Some economists who met with Governor Chet Culver yesterday think Iowa has already reached the bottom of this recession. I hope they are right, but either way, policy-makers should listen to their ideas for reforming Iowa’s budget process. I’ll write a separate post on this important development soon. Here is the short take:

The state could base its spending on a multi-year average, such as the previous three years, or five years or seven years, said Jon Muller, president of Muller Consulting Inc., a public policy and business development consulting firm based in Des Moines.

“The way it’s always worked, when times are really good, we increase spending and we cut taxes,” Muller said. “And when times are bad, there’s pressure to increase taxes and decrease spending. And that all happens when the demand for government is at its highest,” Muller said.

The multi-year idea would flip, he said.

“In good times you would be squirreling money at way a little at a time. And in bad times, you could continue to increase spending to service the growing demands of a recession.”

It would require state lawmakers to not touch the reserves, even in times of plenty. But it would also reduce the need to tap into reserves just to get by during rainy days, the advisers said.

Regarding budget cuts, the Newton Independent reports here on a “plan to reorganize the Iowa Department of Human Services operations under two deputy directors, six rather than nine divisions, five rather than eight service areas, more part-time offices and the elimination of 78 currently vacant positions” (hat tip to Iowa Independent). Click this link for more details about the proposed restructuring.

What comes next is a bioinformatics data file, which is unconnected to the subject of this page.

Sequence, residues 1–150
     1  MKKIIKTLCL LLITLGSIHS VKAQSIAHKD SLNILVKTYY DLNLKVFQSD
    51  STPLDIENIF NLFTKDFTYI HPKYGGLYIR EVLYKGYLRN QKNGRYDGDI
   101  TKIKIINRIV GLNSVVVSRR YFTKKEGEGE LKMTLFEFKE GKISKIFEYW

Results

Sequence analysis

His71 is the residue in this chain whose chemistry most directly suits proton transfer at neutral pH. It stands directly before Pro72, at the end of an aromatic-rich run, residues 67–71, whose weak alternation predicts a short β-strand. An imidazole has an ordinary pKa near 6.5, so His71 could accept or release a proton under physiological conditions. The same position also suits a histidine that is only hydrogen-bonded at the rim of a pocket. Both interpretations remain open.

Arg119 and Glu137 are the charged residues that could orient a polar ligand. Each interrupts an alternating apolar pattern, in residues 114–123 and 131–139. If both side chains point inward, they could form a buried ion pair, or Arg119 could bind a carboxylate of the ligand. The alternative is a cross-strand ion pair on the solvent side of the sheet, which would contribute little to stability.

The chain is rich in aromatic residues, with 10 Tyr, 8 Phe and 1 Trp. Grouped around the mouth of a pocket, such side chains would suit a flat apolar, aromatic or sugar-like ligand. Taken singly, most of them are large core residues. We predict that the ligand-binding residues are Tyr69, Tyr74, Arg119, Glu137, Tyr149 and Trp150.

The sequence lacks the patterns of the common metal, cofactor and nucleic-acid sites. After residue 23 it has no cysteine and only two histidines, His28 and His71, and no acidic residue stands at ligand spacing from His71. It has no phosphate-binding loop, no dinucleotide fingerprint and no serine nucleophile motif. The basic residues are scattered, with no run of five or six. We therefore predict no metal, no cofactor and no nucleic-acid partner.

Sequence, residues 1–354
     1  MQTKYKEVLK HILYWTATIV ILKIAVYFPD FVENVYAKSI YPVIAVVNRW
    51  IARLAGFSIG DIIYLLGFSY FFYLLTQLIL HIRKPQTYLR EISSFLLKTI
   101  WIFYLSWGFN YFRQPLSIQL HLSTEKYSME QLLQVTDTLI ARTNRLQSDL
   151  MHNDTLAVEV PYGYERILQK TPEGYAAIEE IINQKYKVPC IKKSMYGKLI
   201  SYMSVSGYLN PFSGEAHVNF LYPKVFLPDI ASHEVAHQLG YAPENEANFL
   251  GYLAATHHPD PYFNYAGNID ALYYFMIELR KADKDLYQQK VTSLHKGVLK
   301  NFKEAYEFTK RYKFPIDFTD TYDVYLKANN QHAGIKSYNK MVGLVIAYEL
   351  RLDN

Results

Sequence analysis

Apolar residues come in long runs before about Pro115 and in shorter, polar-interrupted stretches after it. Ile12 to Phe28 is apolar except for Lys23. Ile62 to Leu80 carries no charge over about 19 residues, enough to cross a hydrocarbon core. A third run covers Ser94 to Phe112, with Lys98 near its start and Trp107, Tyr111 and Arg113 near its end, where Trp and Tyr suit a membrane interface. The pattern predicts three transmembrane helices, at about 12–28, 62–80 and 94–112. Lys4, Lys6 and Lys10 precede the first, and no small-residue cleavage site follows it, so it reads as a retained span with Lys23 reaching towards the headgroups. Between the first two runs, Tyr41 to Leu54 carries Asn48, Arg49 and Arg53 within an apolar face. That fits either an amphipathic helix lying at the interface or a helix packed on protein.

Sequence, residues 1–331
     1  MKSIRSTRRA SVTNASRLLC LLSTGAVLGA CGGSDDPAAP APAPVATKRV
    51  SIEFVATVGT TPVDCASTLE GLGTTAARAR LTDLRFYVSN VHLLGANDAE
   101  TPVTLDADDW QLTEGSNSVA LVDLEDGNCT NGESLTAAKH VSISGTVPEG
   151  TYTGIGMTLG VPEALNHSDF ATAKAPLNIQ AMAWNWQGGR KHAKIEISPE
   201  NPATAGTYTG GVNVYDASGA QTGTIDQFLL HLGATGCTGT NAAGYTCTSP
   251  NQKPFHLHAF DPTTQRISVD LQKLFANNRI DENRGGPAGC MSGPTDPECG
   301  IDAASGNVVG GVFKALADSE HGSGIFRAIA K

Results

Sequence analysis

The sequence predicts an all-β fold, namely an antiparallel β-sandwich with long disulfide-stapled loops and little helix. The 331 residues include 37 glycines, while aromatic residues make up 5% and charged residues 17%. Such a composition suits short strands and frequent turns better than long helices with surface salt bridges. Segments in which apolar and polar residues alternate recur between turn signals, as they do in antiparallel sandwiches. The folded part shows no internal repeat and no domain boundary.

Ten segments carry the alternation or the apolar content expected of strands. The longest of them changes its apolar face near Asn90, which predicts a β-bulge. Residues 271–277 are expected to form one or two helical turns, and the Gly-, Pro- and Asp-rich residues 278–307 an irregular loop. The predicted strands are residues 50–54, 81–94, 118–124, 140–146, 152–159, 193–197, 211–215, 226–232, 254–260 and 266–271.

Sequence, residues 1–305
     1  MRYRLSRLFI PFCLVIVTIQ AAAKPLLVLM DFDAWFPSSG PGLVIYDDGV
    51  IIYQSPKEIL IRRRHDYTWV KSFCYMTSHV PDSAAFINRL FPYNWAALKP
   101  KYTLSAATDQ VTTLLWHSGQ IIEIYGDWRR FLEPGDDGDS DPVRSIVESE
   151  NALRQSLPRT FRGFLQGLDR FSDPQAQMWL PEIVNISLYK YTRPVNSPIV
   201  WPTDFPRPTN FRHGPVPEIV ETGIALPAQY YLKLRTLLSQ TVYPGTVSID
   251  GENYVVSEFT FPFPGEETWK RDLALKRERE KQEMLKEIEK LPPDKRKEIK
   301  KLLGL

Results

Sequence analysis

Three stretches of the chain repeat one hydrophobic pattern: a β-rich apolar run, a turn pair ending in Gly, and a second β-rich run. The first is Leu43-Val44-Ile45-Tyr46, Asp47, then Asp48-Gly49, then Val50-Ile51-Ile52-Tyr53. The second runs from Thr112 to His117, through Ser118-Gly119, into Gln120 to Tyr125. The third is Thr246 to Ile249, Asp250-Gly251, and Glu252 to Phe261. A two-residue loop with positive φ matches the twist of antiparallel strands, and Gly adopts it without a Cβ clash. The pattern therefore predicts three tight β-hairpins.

On the political front, John Deeth analyzes possible changes the Democratic National Committee is considering for the presidential nomination process. Jerome Armstrong had a good idea the DNC won’t implement: ban caucuses everywhere but Iowa. No other state derives the party-building benefits of caucuses, but just about every state that uses caucuses for presidential selection has lower voter participation than would occur in a primary.

I haven’t written much on health care reform lately, because recent developments are so depressing. Our best hope was using the budget reconciliation process to pass a strong bill in the Senate with 51 votes (or 50 plus Joe Biden). Now that Senate Majority Leader Harry Reid has taken reconciliation off the table, we’re left with a variety of bad compromises to get to 60 votes in the Senate. I am not convinced the final product will be any improvement over the status quo. It will certainly be worse for millions of Americans required to buy overpriced private health insurance. If there’s a quicker way to neutralize the Democrats’ advantage with young voters, I don’t know what it is.

Speaking of health care reform, Steve Benen wrote a good piece about Grassley’s latest grandstanding on the issue.